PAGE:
Staphylococcus aureus contamination of animal-derived foods in Nigeria: a systematic review, 2002—2022
Food Safety and Risk volume 10, Article number: 6 (2023)
Staphylococcus aureus (S. aureus) is a bacterium of public health importance. The zoonotic spread of this pathogen through animal-derived foods has been reported. This systematic literature review investigates the prevalence, distribution, antimicrobial resistance (AMR) profiles, and molecular characteristics of S. aureus in the food chain in Nigeria.
A systematic search of online databases (Pub Med, Google Scholar, and Web of Science) for published articles from January 2002 to January 2022 was performed using the Prisma guideline.
Fifty articles were included from an initial 511 extracted documents. These papers included research carried out in 22 states across Nigeria. S. aureus detection in most studies was above the satisfactory level for foods (≥ 104 CFU/g). The prevalence of S. aureus ranged from 1.3% in raw cow meat to 72.5% in fresh poultry meat. Most S. aureus isolates demonstrated multiple drug resistance patterns, especially being resistant to beta-lactams. There is a lack of information on the molecular typing of the S. aureus isolates. The different spa types of S. aureus isolated were t091, t314, t1476, and t4690, categorized into Multi-Locus-Sequence Types ST8, ST121, ST152, and ST789. Virulence genes detected include pvl, sea, see, spa, coa, edin, tsst, and hly. Certain AMR-encoding genes were detected, such as mecA, blaZ, fos, tet, and dfsr.. Factors contributing to the presence of S. aureus were reported as poor processing, poor sanitary conditions of the food processing units, inadequate storage units, and poor handling.
We showed that S. aureus is a major food contaminant in Nigeria despite the need for more information on the molecular typing of strains from animal-derived food sources. There is a need to control S. aureus by targeting specific entry points based on the findings on risk factors and drivers of food contamination.
Staphylococcus aureus (S. aureus) is a symbiotic (commensal) and opportunistic pathogen that can cause many illnesses. It is a significant and ubiquitous bacterium because of its toxin-mediated pathogenicity, invasiveness, and antimicrobial resistance (AMR) (Oranusi et al. 2006; Yamada 2013). This organism has become a major cause of nosocomial and community-acquired illnesses (Taiwo et al. 2004; GBD 2019 Meningitis and Antimicrobial Resistance Collaborators 2023). Although S. aureus does not produce spores, it can contaminate food during preparation and processing, with subsequent staphylococcal enterotoxin (SE) production resulting in staphylococcal food poisoning (Kadariya et al. 2014). S. aureus thrives in potentially arid and harsh environments and on inanimate objects like clothing, surfaces, the human nose, and skin (Le Loir et al. 2003), favouring its growth in many food products (Cretenet et al. 2011). The environmental conditions experienced in tropical countries, including Nigeria, are suitable for the growth and dissemination of S. aureus .
S. aureus can multiply and produce toxins in food (Le Loir et al. 2003). The enterotoxins produced by this bacterium have been linked to staphylococcal food contamination resulting from poor hygiene by food handlers, packaging inadequacies, sterilizing errors, and contamination of surfaces, utensils, and equipment used in handling food for consumption (Kümmel et al. 2016; György et al. 2021; Gebremedhin et al. 2022).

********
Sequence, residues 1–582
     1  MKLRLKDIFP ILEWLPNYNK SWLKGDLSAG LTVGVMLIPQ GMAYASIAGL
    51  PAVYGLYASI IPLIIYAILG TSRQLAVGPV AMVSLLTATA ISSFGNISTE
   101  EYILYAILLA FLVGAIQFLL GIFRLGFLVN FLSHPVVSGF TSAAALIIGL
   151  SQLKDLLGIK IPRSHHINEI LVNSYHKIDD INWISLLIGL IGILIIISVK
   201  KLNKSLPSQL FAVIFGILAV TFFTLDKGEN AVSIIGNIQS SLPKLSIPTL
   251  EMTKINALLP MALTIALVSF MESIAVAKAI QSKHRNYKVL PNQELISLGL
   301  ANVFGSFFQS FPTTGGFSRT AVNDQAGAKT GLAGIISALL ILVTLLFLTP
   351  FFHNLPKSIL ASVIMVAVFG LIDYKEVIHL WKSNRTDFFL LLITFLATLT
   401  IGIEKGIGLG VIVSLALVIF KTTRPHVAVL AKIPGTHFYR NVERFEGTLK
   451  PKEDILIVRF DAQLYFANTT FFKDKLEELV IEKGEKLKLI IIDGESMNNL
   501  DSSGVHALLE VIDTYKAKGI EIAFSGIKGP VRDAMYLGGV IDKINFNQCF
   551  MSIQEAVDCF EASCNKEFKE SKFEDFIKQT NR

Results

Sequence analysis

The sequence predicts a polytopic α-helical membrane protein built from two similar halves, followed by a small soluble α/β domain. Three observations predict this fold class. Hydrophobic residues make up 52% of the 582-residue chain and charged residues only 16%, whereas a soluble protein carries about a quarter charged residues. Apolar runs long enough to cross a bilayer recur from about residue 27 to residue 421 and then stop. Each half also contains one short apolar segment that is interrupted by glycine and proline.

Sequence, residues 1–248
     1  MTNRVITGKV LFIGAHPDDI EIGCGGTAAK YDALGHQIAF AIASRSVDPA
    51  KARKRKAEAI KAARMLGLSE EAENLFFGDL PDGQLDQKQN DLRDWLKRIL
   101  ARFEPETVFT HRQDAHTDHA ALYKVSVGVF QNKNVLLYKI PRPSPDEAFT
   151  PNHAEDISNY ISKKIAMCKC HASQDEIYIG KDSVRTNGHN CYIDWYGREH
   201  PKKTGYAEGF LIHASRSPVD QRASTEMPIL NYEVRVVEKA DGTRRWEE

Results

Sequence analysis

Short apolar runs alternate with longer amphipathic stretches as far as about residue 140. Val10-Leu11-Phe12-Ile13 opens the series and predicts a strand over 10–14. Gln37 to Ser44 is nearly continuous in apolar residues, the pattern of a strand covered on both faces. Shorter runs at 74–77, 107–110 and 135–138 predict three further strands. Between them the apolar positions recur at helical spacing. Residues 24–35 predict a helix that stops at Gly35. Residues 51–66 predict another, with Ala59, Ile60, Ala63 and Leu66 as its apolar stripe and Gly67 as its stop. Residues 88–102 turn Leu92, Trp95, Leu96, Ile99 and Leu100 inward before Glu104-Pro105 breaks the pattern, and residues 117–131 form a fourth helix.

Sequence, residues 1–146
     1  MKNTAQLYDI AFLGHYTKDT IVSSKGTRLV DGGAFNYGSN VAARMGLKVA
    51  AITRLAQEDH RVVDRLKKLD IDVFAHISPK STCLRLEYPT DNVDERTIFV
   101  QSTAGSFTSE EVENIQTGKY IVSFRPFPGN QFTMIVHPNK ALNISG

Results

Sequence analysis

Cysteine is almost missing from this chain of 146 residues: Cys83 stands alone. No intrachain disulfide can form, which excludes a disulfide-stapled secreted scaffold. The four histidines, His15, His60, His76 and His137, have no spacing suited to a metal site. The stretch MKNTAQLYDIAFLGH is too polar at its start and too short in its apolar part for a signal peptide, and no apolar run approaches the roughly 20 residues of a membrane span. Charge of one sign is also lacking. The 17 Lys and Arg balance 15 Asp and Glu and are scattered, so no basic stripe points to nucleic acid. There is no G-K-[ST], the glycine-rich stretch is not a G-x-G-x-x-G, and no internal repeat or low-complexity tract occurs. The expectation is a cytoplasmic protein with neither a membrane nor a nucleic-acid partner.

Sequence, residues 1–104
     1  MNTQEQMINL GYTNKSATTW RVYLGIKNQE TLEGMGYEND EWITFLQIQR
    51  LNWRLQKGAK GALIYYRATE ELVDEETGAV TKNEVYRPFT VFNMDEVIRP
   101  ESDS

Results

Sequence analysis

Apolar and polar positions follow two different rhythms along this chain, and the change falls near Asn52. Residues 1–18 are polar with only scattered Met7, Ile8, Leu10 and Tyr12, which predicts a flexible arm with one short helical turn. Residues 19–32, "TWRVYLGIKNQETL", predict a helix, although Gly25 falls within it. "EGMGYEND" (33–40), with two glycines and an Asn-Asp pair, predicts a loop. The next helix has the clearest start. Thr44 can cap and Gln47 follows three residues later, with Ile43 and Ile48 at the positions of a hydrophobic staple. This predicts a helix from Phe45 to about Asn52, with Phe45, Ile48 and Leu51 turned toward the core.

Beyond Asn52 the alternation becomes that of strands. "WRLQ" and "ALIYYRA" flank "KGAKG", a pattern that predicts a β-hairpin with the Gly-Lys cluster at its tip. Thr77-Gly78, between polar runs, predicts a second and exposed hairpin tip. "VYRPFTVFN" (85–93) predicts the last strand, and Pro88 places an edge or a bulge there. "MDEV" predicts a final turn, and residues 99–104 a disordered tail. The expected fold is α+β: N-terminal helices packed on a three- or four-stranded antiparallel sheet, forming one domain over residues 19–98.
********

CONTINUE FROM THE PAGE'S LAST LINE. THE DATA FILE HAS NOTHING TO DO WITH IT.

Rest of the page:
S. aureus-related Foodborne illnesses (FBIs) can be contracted by consuming contaminated foods such as meat, fish, milk and its products, eggs, and other food products (Do Prado et al. 2021; Gebremedhin et al. 2022). This results in minor boil infections and other food poisoning conditions, characterized by nausea, sweating, dizziness, vomiting, hypothermia, stomach cramps, weakness, lethargy, and diarrhoea for 1–6 h after eating contaminated foods (Palupi et al. 2010). Unhygienic conditions and poor handling of animal-derived foods contaminated with pathogenic microbes like S. aureus impact the burden of Foodborne diseases (FBDs) (Abunna et al. 2016). S. aureus is categorized as a zoonotic pathogen of significant public health and veterinary importance, especially since the emergence of the methicillin-resistant S. aureus (MRSA) in food animals in Nigeria (Odetokun et al. 2018; 2022; Okorie-Kanu et al. 2020).
In 2019, S. aureus was regarded as one of the six leading pathogens responsible for mortality due to AMR, with the highest-burden noted in sub-Saharan Africa (Antimicrobial Resistance Collaborators 2022). Due to its public health significance, it is a priority to review the occurrence and distribution of S. aureus in food of animal origin in Nigeria, especially as S. aureus continues to contaminate animal-derived foods, causing FBIs. Therefore, this study aims to review and provide recent evidence on the contamination, prevalence, distribution, antibiotic resistance, and molecular characteristics of S. aureus in animal-derived foods in Nigeria.
A systematic review was conducted using the Preferred Reporting Items for Systematic Reviews and Meta-Analyses (PRISMA) guidelines (Mourad et al. 2016; Page et al. 2021). This ensures a reduction of bias in the review process and guarantees that the reviewer do not influence relevant information regarding the review and its findings (Ghia et al. 2020).
Search strategy, selection criteria, and data extraction